One of our greatest missions is to be a community watchdog. Olympian reporters have a long tradition of keeping the spotlight on officials and agencies, and keeping them accountable for the public’s trust and money.
A case in point is the Accountability and Restitution Center, the new jail that has been finished -- and empty -- for four years.
The Olympian has been writing about it for far longer than that.
The ARC saga began in the 1990s, when a growing jail population stressed the existing jail. County officials bought the former Tyson Seafood plant on Olympia’s west side for $3.8 million in 1997. The goal was to convert the building into a satellite jail holding 440 medium and minimum-security inmates, to open in 2001.
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Plans to convert the building ground to a halt in May 1999 when a consultant told county officials the new jail likely would be full in seven to 12 years.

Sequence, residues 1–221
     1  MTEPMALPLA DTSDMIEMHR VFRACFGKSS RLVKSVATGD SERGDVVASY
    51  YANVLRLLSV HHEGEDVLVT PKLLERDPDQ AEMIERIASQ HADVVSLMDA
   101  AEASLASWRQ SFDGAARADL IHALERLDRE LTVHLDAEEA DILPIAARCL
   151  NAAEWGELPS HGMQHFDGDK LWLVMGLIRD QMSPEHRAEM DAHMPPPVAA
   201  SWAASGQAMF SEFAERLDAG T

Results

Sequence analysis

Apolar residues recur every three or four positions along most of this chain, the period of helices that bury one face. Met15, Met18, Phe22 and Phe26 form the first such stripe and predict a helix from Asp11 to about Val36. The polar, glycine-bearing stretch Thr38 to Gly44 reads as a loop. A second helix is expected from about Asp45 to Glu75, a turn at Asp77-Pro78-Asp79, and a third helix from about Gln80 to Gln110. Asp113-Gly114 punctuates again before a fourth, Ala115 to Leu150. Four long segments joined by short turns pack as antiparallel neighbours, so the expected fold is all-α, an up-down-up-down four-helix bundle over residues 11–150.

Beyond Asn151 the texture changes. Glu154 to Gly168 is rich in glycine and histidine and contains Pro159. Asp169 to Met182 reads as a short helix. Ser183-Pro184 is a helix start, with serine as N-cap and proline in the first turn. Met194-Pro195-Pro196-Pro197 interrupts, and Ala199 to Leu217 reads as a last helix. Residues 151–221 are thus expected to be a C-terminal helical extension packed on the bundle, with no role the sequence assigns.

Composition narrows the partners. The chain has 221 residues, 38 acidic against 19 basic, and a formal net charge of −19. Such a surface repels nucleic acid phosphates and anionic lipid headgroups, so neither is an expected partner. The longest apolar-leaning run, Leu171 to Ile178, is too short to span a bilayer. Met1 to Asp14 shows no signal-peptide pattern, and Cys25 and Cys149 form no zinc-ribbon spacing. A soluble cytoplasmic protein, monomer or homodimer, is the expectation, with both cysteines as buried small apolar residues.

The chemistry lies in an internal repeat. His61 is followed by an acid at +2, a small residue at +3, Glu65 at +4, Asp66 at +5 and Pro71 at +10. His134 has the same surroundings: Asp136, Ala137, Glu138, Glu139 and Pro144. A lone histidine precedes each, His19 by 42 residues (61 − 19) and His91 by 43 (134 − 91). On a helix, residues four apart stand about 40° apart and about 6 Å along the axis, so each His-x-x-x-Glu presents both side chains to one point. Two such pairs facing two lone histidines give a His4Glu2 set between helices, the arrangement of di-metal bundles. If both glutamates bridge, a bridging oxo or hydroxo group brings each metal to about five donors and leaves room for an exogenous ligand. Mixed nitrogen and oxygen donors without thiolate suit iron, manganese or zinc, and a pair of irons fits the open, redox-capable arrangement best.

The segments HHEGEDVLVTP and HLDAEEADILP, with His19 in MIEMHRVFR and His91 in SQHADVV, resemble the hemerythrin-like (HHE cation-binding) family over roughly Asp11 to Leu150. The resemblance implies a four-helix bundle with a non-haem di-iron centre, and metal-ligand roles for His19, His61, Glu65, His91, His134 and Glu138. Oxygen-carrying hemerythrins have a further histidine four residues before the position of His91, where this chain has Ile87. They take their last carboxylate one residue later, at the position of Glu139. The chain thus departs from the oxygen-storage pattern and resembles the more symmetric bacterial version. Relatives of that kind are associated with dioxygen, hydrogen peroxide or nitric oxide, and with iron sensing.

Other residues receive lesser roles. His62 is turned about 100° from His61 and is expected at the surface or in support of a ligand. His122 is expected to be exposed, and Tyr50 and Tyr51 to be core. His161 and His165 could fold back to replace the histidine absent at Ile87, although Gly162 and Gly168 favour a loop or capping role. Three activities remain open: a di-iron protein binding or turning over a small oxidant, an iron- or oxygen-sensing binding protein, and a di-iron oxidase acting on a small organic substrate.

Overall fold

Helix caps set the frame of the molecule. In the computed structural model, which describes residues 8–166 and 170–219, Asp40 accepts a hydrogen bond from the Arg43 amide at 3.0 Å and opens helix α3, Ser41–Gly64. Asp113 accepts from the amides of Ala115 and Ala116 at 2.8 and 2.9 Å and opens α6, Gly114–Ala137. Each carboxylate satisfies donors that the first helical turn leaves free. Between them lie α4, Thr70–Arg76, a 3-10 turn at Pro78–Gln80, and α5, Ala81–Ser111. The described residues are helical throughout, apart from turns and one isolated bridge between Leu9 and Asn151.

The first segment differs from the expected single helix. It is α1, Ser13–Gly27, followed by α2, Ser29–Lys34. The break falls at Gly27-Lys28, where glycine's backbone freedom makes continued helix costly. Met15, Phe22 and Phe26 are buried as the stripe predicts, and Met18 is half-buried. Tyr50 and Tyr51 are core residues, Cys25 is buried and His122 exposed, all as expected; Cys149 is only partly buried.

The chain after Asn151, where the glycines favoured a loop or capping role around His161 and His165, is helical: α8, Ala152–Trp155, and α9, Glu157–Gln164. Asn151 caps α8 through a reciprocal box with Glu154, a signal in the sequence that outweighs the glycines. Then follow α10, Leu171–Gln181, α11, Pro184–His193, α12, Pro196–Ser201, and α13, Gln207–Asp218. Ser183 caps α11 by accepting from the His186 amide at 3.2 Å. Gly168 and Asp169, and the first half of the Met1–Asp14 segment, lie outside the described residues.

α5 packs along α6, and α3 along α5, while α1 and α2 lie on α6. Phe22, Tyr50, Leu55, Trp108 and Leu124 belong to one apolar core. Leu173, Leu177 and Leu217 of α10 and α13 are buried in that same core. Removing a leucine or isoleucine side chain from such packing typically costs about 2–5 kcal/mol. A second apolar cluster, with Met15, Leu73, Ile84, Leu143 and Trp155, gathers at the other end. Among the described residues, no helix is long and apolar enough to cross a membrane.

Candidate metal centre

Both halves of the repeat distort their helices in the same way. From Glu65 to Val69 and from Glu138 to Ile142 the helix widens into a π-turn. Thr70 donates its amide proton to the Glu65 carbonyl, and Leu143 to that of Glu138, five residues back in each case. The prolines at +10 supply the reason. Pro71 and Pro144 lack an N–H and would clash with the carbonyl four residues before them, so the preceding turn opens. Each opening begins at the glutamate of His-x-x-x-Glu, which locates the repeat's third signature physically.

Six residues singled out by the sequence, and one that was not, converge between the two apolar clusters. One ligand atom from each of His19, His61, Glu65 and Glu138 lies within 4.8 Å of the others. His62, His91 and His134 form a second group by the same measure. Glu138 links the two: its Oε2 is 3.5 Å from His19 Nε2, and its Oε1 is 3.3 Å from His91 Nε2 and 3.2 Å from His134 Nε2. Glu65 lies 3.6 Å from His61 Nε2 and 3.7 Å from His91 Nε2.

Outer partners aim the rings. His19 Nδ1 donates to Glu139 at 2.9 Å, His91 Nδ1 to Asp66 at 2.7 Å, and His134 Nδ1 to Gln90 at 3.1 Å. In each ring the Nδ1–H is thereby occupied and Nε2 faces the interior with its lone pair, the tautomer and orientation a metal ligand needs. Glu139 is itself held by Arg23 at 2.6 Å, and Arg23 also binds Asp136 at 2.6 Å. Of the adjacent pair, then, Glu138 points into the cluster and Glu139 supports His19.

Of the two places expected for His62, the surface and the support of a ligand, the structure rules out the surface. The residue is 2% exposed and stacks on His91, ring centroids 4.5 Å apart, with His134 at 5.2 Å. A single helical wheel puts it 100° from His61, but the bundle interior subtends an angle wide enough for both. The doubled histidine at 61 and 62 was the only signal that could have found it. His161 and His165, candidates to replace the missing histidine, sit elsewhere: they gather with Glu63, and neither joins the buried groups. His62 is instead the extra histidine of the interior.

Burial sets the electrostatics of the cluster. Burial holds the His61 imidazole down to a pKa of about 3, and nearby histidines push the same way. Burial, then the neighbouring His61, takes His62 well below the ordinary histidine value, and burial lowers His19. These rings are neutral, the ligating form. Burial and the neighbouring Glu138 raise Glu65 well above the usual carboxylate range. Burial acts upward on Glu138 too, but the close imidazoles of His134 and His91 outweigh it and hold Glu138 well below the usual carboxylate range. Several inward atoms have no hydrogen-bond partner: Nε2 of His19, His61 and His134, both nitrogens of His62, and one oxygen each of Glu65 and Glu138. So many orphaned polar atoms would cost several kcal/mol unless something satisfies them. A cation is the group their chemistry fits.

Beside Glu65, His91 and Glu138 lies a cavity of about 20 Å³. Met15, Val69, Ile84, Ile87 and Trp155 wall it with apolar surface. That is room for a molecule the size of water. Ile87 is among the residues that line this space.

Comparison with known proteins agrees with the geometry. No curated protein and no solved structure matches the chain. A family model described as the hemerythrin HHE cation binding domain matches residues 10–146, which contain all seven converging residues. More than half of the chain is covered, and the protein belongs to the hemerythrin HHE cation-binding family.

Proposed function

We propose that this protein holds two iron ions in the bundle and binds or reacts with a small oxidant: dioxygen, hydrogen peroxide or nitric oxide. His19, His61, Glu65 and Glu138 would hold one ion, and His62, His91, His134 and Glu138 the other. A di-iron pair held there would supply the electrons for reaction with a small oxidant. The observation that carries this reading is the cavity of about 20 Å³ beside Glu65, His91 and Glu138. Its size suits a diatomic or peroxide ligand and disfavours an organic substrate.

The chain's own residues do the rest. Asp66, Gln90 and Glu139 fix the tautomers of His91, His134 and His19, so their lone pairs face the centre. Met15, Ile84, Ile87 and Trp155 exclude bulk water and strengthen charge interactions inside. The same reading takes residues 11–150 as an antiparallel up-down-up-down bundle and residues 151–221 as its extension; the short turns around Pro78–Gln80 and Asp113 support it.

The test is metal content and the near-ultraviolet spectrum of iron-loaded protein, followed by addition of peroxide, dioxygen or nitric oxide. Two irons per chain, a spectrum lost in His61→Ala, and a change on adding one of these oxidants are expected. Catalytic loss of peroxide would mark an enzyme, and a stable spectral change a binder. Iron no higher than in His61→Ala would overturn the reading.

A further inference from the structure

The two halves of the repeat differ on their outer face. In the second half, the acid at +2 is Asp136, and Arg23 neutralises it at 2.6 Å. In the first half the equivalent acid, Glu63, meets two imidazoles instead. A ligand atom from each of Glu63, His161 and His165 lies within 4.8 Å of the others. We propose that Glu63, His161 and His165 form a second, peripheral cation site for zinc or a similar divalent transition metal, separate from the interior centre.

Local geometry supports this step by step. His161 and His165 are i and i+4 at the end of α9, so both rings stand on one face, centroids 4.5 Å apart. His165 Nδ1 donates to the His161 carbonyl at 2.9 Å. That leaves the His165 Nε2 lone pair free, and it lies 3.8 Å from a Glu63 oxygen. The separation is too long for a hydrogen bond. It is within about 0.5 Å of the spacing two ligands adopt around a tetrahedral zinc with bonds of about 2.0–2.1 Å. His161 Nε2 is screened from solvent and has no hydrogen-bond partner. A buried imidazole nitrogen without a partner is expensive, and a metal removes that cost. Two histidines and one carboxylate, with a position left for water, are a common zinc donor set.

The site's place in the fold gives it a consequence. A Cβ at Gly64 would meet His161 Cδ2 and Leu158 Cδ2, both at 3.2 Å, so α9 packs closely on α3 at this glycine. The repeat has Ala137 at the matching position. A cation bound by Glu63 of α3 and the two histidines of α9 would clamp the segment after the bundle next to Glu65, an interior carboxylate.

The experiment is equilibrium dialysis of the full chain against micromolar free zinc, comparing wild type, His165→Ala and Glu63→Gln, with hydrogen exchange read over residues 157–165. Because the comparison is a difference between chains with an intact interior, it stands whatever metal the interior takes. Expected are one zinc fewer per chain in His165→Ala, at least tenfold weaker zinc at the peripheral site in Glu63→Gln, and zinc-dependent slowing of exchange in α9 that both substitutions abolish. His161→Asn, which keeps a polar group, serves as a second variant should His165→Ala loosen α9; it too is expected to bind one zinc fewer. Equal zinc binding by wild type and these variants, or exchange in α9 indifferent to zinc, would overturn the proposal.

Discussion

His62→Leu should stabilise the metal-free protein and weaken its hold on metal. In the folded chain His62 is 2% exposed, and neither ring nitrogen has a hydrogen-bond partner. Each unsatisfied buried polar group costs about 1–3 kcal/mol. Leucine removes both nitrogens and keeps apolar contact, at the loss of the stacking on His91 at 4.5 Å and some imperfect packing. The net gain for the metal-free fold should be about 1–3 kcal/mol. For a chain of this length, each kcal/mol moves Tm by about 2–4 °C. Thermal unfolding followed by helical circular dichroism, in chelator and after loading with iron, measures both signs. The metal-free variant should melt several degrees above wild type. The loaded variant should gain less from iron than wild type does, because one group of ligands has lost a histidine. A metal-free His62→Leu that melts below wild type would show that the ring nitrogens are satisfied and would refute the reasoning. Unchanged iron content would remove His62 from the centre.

County officials discussed options, including leasing out the building. Eventually it was used as a storage facility.
The county then tried to pay for a $103 million regional justice center with a bond proposal. The campaign to fund the jail was spirited and voters rejected the proposal in May 2004.
The county opted later that year to spend $24 million on the ARC.
By the end of construction two years later, the cost of the ARC was $48.14 million and the jail had 395 beds.
However, with the county strapped for cash, officials knew inmates couldn’t move into the new jail for at least another year. In the meantime, the county budgeted $400,000 per year to cover maintenance of the new building.
And there it sat. For four years. Commissioners and the sheriff told Olympian reporters and the editorial board that talks were at an impasse, partly held up by the need to restructure labor contracts to facilitate staffing the ARC.
We wrote more stories and more editorials, and still the ARC sat empty. Then, in December, we published the results of records requests to see how much money was available and how it was allocated. It appeared the two sides were not that far apart.
And they started talking again, leading to last week’s news that agreement has been reached, budgets have been adjusted and the ARC is expected to open within months.
It’s our job to hold a mirror up to public officials and to help keep their activities transparent to the people who put them into office. And then we tell you about it.
Thanks for reading.